gms | German Medical Science

83rd Annual Meeting of the German Society of Oto-Rhino-Laryngology, Head and Neck Surgery

German Society of Oto-Rhino-Laryngology, Head and Neck Surgery

16.05. - 20.05.2012, Mainz

Comparison of daily use of music in families with CI children and normal hearing children

Meeting Abstract

German Society of Oto-Rhino-Laryngology, Head and Neck Surgery. 83rd Annual Meeting of the German Society of Oto-Rhino-Laryngology, Head and Neck Surgery. Mainz, 16.-20.05.2012. Düsseldorf: German Medical Science GMS Publishing House; 2012. Doc12hno38

doi: 10.3205/12hno38, urn:nbn:de:0183-12hno383

Published: July 23, 2012

© 2012 Illg et al.
This is an Open Access article distributed under the terms of the Creative Commons Attribution License ( You are free: to Share – to copy, distribute and transmit the work, provided the original author and source are credited.



Introduction: We believe that musical lessons probably offer a holistic possibility to support the development of speech, motor function, emotional, cognitive and social behaviour. Therefore these lessons could support the development in normal hearing children and children with CI. But our hypothesis is, that daily use of music in families with deaf children with CI should be different than in families with same aged normal hearing children.

Patients and Methods: In December 2010, 106 German speaking families with deaf children aged 3–7 years and CI were asked about their daily use of music via questionnaire. In spring 2011 the same questionnaire was used for 66 families with normal hearing children of the same age.

Answers were statistically analysed with the Chi²- and non parametric Mann-Whitney-U-Tests.

Results: The daily use of music (hearing music, singing songs and playing instruments) in both family groups are similar (p=0.52). But the expectations to music lessons are different. Parents with children wearing CI expect improvement of auditive perception (p=0.001), speech development (p=0.03) and attention (p=0.000). Parents with normal hearing children have different expectations: joy about music and music to assist the common development. Answers to questions about changes after about one year of music lessons show no significant differences between both groups of families although answers about the speech development are remarkable. Many parents with CI children indicated that speech development was increased after music lessons but only few parents with normal hearing children indicated the same. In the statistical comparison no significant difference could be found.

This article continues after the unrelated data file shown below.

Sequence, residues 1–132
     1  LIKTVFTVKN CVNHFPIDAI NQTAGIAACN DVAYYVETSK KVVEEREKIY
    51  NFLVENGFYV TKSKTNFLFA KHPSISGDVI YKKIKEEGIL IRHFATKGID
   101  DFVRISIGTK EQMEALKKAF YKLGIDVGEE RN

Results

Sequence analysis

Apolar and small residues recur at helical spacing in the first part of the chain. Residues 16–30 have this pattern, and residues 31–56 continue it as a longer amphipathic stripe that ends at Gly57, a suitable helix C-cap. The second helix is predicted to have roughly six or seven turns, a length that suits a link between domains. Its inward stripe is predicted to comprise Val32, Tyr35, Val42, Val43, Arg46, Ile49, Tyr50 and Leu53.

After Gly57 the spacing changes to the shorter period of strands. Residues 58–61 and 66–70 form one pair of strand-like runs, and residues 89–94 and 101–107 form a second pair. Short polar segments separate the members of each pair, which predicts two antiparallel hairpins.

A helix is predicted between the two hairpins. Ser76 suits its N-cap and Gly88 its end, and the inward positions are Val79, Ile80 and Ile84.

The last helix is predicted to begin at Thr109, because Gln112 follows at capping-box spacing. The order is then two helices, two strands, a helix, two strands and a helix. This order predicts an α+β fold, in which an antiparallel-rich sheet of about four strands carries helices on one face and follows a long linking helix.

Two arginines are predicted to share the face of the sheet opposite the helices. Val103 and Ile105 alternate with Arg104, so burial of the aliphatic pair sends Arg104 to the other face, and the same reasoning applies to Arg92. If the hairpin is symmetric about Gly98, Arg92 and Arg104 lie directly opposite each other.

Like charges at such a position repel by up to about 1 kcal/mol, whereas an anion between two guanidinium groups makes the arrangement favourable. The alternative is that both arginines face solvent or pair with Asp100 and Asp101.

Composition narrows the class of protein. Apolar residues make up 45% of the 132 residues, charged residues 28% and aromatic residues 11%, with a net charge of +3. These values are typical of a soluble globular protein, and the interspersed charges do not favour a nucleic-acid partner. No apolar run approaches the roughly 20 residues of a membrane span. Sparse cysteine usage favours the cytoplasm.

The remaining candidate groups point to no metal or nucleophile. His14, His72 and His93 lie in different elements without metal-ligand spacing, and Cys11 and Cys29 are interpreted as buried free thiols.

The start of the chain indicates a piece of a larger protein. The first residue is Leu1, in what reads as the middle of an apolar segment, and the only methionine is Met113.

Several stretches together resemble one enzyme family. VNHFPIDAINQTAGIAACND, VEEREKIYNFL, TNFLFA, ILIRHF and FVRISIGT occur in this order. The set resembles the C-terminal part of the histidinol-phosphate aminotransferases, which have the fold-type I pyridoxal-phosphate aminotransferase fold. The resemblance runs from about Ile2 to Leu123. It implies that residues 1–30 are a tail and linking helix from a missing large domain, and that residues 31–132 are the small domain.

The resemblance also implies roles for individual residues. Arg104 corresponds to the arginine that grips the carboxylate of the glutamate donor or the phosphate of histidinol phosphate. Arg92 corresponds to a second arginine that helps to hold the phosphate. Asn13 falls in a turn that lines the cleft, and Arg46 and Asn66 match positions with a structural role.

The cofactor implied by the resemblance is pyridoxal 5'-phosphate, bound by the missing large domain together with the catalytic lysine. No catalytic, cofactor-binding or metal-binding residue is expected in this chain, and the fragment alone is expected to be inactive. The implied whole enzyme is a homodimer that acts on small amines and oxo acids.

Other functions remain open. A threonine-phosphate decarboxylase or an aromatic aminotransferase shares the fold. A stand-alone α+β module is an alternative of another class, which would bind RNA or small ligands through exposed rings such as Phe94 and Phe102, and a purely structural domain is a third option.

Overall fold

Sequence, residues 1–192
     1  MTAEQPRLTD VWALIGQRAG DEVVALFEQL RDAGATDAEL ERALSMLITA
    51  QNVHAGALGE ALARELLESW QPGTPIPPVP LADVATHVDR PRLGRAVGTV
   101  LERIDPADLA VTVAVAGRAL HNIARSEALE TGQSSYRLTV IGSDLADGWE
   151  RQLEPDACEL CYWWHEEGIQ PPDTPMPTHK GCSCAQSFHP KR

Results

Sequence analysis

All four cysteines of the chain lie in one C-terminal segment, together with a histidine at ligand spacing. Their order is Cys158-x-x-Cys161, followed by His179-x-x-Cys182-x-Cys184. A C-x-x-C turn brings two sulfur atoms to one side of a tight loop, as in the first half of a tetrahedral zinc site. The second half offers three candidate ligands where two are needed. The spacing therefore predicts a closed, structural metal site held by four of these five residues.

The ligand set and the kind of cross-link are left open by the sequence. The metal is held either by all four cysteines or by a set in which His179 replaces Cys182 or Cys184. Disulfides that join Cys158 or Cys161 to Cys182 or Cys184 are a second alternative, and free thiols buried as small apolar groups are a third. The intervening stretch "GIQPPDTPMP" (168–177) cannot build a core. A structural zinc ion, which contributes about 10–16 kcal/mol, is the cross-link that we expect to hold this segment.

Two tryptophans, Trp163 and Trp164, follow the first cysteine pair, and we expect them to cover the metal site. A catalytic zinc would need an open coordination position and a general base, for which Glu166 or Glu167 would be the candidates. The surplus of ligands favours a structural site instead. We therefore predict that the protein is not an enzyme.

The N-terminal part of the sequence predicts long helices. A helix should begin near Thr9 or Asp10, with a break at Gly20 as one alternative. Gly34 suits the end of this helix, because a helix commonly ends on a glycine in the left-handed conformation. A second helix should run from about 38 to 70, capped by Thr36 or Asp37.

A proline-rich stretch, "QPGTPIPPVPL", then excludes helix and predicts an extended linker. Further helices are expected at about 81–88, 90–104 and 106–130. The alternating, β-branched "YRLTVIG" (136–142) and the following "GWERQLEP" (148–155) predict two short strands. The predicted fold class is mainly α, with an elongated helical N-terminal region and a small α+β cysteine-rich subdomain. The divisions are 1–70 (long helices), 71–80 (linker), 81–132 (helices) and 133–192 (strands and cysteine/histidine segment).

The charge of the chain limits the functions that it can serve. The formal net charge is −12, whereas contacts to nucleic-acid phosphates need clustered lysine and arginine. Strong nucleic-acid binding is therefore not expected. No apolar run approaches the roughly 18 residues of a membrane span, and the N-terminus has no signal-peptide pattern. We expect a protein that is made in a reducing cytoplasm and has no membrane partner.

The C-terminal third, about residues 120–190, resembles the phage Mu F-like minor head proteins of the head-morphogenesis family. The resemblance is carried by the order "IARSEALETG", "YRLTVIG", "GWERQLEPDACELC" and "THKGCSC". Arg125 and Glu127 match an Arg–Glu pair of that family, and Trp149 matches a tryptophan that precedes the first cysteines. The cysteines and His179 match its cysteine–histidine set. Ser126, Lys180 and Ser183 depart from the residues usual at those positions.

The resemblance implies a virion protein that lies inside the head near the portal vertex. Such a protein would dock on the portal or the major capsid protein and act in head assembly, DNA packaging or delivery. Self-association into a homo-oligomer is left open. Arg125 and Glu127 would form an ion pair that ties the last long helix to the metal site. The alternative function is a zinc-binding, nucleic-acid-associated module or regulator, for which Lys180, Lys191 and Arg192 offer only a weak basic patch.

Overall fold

Discussion: Daily use of music does not differ in families with normal hearing children and families with CI children. Our hypothesis was not confirmed by our investigation. The expectations for music lessons are different in both groups. Families with deaf children primarily expect from music lessons the same as from therapeutic interventions, namely possibilities to develop perception, speech and concentration. Families with normal hearing children do not have such expectations. This difference shows that musical interventions are as welcome as speech and hearing therapy. It is to confirm whether music lessons have a relationship to speech development. For this investigation more data has to be collected over a longer period of time in which monitored children receive music lessons.


Jänke L. Macht Musik schlau? Neue Erkenntnisse aus den Neurowissenschaften und der kog. Psychologie. Bern: Huber; 2009.